Summary: Winners never quit... Quitters never win...

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“Winners Never Quit”

(Adapted from John Maxwell’s Characteristic of a Giant Killer)

October 2010 Series: NEVER GIVE UP

October 3, 2010

By: Rev. Rey T. Bechayda

“Then David said to the Philistine, ‘You come to me with a sword and spear, and a javelin,

but I come to you in the name of the Lord of Hosts…This day the Lord will deliver you

into my hands…and all the earth will know there is a God in Israel…’”

(I Samuel 17:45-46)


Last Sunday’s worship service is an overwhelming experience for me. Seeing a growing number of MMIM people form everywhere is really encouraging to everyone. I believe all of us have received a fresh challenge to press on even when the situation becomes tough.

Today, we are starting a new series “NEVER GIVE UP” this series is a good follow up on our past series… it is helpful to us in becoming more consistent in our Christian walk. Always remember that you and I are destined to be victors in Christ. All of us are winners because of Jesus.

As an introductory message, let’s go back to the famous story of David and Goliath in the book of 1 Samuel.

Here are the 10 characteristics of a winner (1 Sam. 17)…

I. Winners Don't BEGIN as Winners. (vv. 14-24)

When war broke out between the Philistines and the Israelites, David was young. He was a musician and he was a shepherd. While his brothers served as soldiers, David became an errand boy for his dad, carrying food and checking up on them. He found the soldiers dressed for battle, but never engaging the enemy. Goliath wouldn't go away; for forty days, he kept coming back saying the same thing.

Observations on David and the soldiers:

- David was faithful in every one of his small tasks.

- The army was unfaithful in their very large task.

II. Winners See the Potential REWARD if They Defeat the Giant. (vv. 25-27)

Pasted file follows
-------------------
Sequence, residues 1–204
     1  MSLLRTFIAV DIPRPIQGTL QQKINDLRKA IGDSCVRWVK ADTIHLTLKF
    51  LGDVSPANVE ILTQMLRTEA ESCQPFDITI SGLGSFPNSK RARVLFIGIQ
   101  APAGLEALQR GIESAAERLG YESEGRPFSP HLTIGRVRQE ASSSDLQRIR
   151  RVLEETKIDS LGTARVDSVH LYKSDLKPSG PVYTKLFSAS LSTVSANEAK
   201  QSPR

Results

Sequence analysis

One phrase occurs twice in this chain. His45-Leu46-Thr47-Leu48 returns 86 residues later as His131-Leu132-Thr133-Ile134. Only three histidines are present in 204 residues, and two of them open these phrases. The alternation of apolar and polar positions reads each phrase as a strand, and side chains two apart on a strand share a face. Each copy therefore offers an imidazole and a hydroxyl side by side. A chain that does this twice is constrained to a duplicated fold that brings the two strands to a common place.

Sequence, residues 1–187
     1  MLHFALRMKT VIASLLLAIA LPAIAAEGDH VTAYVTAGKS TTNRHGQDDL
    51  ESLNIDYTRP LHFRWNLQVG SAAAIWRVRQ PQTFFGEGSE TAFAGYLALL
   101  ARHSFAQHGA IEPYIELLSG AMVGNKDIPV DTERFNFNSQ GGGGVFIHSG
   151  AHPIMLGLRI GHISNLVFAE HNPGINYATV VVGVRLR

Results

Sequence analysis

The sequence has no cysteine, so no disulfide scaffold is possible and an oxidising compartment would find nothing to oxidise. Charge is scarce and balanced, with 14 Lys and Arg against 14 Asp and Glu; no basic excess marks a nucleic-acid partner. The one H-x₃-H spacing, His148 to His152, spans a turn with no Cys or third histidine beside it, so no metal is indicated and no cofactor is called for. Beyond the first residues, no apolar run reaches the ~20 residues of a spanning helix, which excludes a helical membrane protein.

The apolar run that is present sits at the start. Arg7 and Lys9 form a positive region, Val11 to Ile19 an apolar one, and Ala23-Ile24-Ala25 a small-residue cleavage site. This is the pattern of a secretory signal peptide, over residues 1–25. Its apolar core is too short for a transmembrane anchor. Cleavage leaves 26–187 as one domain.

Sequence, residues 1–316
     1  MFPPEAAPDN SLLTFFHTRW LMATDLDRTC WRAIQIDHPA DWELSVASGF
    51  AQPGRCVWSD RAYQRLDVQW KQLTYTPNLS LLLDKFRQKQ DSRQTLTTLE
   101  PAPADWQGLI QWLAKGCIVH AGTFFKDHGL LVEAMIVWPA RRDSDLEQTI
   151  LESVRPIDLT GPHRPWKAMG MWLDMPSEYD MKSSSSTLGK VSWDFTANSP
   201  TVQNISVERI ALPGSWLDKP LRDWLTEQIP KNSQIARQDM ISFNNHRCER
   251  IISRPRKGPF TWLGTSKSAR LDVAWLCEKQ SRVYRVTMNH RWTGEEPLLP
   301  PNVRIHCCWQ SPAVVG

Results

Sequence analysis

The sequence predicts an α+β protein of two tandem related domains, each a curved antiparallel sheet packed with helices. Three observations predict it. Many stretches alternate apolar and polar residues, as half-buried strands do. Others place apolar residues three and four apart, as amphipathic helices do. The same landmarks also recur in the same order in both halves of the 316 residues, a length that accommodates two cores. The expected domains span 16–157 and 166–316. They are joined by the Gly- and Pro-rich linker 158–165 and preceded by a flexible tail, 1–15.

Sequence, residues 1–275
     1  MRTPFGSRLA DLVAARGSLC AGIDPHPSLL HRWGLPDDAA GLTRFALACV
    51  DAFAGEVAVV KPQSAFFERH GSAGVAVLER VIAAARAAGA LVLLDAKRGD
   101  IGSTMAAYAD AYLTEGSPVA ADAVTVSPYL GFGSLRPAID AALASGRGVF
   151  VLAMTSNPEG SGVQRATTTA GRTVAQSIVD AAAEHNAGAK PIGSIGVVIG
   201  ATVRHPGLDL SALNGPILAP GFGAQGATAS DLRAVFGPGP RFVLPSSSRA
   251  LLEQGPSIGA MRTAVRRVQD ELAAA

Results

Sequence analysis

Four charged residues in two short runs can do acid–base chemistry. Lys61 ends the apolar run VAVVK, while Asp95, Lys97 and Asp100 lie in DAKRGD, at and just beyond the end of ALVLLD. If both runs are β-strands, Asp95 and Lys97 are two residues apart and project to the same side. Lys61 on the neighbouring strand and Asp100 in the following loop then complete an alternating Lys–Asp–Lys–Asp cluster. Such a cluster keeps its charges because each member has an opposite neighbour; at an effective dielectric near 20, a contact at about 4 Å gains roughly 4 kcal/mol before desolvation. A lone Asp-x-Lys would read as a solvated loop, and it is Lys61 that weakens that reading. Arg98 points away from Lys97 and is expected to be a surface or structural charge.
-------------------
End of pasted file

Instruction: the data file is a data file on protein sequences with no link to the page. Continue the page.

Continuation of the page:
The majority of the crowd sees the obstacles; only a few see the objectives. What separates the winner from the other one is this: winners see the impact and reward for taking a risk-and they take it. For others, the risk seems too high.

On the day David faced Goliath, everyone had the same opportunity:

- The army saw Goliath.

- David saw God.

- The army saw the problem.

- David saw the potential.

We cannot evaluate a situation in terms of what we see. What is observable is real, but it is not the ultimate reality. Behind what we see is an all-powerful, loving God, and we must remind ourselves of this reality.

III. Winners Don't Listen to Doubting CRITICS. (vv. 28-33, 41-44)

You can easily determine the caliber of a person by the amount of opposition it takes to discourage him. Like David, we must do three things to handle critics:

- We must get by our Eliabs. (They intimidate us emotionally.)

- We must get by our Sauls. (They intimidate us with their position.)

- We must get by our Goliaths. (They intimidate us with their ability.)

David's critics said things like: “You don't belong here.” “You're too young.” “You are full of pride.” “You are inexperienced.” It was tough because the criticism was continual. It came from respectable people in his life; they questioned his motives and abilities. Remember: everyone who has never killed a giant will tell you it is impossible.

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